Alec Soth's Archived Blog

April 23, 2007

Quiz

Filed under: media,quizes & assignments — alecsothblog @ 10:31 pm

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Textbooks covered in blood, Photo by Wathiq Khuzaie/Getty

Questions:

#1) The photograph above was taken following the brutal murder of dozens of college students and professors. Where did this horrific event take place?

A) Blacksburg, Virginia
B) Baghdad, Iraq

#2) For whom did George Bush recently order flags to be flown at half-staff?

A) The 33 victims of Seung Hui Cho
B) The 3312 U.S. troops that have died in the Iraq war and the 337 in Afghanistan.

Answers:

#1) B. In January, Baghdad’s Mustansiriya University sufferred a double suicide bombing that killed at least 70 people, including students, faculty, and staff. A month later, another suicide bomber struck at Mustansiriya, killing 40.

#2) A. Today an Army sergeant complained about the U.S. flag being flown at half-staff at the largest U.S. base in Afghanistan for those killed at Virginia Tech. The same honor has not been given to fallen U.S. troops in Afghanistan and Iraq.

22 Comments

  1. I was driving around today here in Chicago thinking about this subject this evening.
    No disrespect to the families of the V.T. students. But I have to wonder if this “moment of silence” isn’t just another diversion from what’s going on in the larger context of the American experience.
    Calling once again for us to blindly follow – and not ask questions.
    Everyone inside the beltway is the same – not to be trusted.

    Kindly.

    Comment by Don Guss — April 23, 2007 @ 11:08 pm

  2. Thanks for drawing attention to this, Alec. The real frustration for me is the hours of television coverage devoted to the Virginia Tech shootings in the past week as compared to the coverage devoted to Iraq in the past year (or four). I think these stories (the Sago mine story was another relatively recent example of this) cater to our collective short attention span. A weeklong soap opera in which we get to know the “characters” and Anderson Cooper is the Our Town-type Stage Manager is right up our alley.

    Meanwhile, the students at Baghdad Technology University are displaying a banner in solidarity with the students at Virginia Tech. It reads, “We, the students of Technology University, denounce the attack at Virginia Tech. We extend our condolences to the families of the victims who faced a situation as bad as Iraq’s universities do. The sanctity of campuses must be protected around the world.”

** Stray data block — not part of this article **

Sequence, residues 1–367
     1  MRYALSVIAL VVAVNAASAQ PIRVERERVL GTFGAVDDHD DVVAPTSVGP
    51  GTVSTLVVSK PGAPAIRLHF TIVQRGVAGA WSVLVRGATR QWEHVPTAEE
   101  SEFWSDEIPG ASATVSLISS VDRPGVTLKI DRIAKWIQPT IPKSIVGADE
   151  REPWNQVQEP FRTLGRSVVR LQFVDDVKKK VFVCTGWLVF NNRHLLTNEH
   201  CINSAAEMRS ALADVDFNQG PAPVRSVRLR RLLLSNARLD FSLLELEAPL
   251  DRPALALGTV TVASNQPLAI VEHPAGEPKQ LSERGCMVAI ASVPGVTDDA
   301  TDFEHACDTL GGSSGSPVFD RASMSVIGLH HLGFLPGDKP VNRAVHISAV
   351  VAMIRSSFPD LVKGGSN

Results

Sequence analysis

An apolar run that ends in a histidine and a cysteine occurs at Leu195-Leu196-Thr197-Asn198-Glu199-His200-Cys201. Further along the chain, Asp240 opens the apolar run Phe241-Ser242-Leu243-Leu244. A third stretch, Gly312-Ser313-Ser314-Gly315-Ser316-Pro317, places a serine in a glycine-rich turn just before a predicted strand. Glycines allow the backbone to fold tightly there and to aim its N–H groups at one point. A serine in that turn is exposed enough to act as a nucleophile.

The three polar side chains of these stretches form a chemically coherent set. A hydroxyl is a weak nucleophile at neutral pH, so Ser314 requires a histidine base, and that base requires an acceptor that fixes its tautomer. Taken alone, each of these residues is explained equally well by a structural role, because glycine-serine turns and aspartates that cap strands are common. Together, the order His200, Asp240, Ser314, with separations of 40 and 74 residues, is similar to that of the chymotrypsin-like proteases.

Comment by Liz — April 23, 2007 @ 11:40 pm

  3. Very clever indeed, however, let us not weigh tragedy.

    Though I must admit, these days they all seem to blend into one.

    Comment by Mark A. Sperry — April 24, 2007 @ 12:04 am

  4. There is a certain kind of oblivion perpetuated by the images that are consumed in the political new media… but I wonder what kinds of images you might point to consider that are different – slower perhaps and less easily consumed?

    Comment by Matt Niebuhr — April 24, 2007 @ 4:26 am

  5. “the ballad of world wide injustice?”

    Comment by pj — April 24, 2007 @ 6:37 am

  6. Tragedies like the aforementioned are happening all throughout the world.

    Thirty-two people died in the Virginia Tech shootings and the event turned into a field day for the mass media. Over 200,000 people have died in and around the Darfur region and no great mass media coverage exists in America. A percentage of the American public know about this conflict but it is quite awful that atrocities like this exist in our world today. Bush continues to recognize that the killings are taking place but has made few steps forward to do anything about them.

    That being said and as Mark Sperry said, let us not weigh tragedy. The families and friends of the Virginia Tech shootings have my sincerest condolences.